Q: My two teen girls chatter with their peers, but they haven't learned the art of adult conversation. They never ask good questions or push a topic along. Do schools cover this? Are there any tricks I can use to teach them?
A: Schools do teach this, but not nearly enough, say two California educators, Marie Crawford and Jeff Zwiers. They train teachers to help students learn the skills essential for dialogue -- conversations in which we share different perspectives, build ideas and solve problems. They outline many strategies in their useful book, "Academic Conversations" (Stenhouse Publishers, 2011).
Crawford and Zwiers say students should develop five core skills to hold more complex conversations: (BEGIN ITALS)elaborating and clarifying, supporting ideas with evidence, building on or challenging ideas, paraphrasing and synthesizing.(END ITALS)
You can model these with your teens using topics they raise. For example, your daughter says, "Using hashtags on Facebook is so annoying. I mean, who does that?" You might say, "That's such an interesting observation. Please tell me why you think that." And a dialogue begins.
Do this consistently and your teens will reap academic benefits way beyond becoming interesting conversationalists. Academic conversation builds vocabulary and grammar; critical thinking such as persuasion, interpretation and evaluation; literacy skills such as predicting, summarizing and understanding abstract concepts, such as irony; and respect for each other's ideas and voices.
Learning to ask useful questions is important. "Questions linger, push and energize thinking; they open up the mind rather than shut it down," say Crawford and Zwiers. Questions help kids become "creative, empathic, hypothetical and humble." These are all qualities we want teens to develop.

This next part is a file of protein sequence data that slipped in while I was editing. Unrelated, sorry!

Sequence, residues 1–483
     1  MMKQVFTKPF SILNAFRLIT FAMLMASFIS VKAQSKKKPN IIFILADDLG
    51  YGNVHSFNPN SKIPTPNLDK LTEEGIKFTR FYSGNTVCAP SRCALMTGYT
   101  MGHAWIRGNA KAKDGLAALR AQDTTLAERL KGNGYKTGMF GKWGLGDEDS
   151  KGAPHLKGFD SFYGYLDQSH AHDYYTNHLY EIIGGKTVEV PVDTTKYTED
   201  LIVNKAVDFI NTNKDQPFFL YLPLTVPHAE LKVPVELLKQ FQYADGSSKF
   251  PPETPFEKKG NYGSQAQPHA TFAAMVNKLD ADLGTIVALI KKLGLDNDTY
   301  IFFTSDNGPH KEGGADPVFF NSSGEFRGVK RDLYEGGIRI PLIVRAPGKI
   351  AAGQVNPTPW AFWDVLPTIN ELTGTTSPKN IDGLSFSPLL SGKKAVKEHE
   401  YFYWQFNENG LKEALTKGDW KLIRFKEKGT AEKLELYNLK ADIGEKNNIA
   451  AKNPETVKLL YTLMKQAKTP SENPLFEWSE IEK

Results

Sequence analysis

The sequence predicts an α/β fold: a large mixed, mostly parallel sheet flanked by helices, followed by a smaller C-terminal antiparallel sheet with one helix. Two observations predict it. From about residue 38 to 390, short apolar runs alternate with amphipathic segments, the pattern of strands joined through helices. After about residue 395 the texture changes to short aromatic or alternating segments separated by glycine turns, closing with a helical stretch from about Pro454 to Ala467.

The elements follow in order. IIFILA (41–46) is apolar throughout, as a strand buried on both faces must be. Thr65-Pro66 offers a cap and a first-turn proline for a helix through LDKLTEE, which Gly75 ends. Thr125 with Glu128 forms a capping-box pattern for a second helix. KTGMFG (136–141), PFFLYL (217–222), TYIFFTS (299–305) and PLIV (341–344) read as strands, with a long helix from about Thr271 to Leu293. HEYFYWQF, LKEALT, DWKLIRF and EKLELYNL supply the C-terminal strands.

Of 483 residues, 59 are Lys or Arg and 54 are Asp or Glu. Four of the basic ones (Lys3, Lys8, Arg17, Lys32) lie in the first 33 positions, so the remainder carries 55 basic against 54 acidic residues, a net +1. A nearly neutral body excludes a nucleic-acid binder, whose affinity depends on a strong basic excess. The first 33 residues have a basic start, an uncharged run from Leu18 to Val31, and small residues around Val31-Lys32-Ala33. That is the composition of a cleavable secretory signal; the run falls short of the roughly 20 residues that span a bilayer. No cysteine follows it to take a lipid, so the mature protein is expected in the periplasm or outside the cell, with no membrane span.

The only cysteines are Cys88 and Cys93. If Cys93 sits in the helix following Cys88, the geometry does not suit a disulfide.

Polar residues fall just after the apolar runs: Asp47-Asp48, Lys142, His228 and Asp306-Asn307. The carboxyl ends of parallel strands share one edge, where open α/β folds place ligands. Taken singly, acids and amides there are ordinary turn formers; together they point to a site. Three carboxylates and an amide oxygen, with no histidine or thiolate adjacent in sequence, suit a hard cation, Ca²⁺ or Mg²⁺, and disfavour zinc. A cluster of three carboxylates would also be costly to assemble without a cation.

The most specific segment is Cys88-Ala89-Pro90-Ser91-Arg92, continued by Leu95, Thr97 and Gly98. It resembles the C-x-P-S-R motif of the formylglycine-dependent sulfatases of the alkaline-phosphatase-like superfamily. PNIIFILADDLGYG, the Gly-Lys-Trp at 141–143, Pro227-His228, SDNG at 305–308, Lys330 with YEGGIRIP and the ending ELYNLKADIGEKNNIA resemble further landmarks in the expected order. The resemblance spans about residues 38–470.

Crawford teaches students how to ask several kinds of questions. You'll find them easy to model.
-- Questions that sustain conversations: These clarify and focus. Some examples are: (BEGIN ITALS)"What do you mean by ...?" "What is that important?" "What do others think?"(END ITALS)
-- Questions that explore meaning: We ask students to memorize meanings, says Crawford, but rarely to come up with their own definitions for concepts they're studying, such as democracy and freedom. For example, if discussing Occupy Wall Street, you might probe, "What does being 'middle class' mean? What has it meant for people at other times in our history?"
-- Questions that linger: Pondering leads to more focused problem-solving, says Zwiers. Encourage students to write down questions of interest. For example, "Is college worth the cost?" Suggest people they can talk with. Encourage them to research answers on their own. Come back to the question over time as their understanding deepens.
-- Questions that inspire "higher order" thinking: These ask for answers that go beyond recall and memorization. For example, if your daughters are into the "Twilight" series, ask questions such as, "Is Bella right or wrong in her decision?" "What did the author do to get readers to feel a certain way?" "How are the books and movies the same? Different?" and so on.
If you apply these techniques to topics your girls care about, and you are genuinely interested in what they think, they'll walk the walk as conversationalists!
(Do you have a question about your child's education? Email it to Leanna@aplusadvice.com. Leanna Landsmann is an education writer who began her career as a classroom teacher. She has served on education commissions, visited classrooms in 49 states to observe best practices, and founded Principal for a Day in New York City.)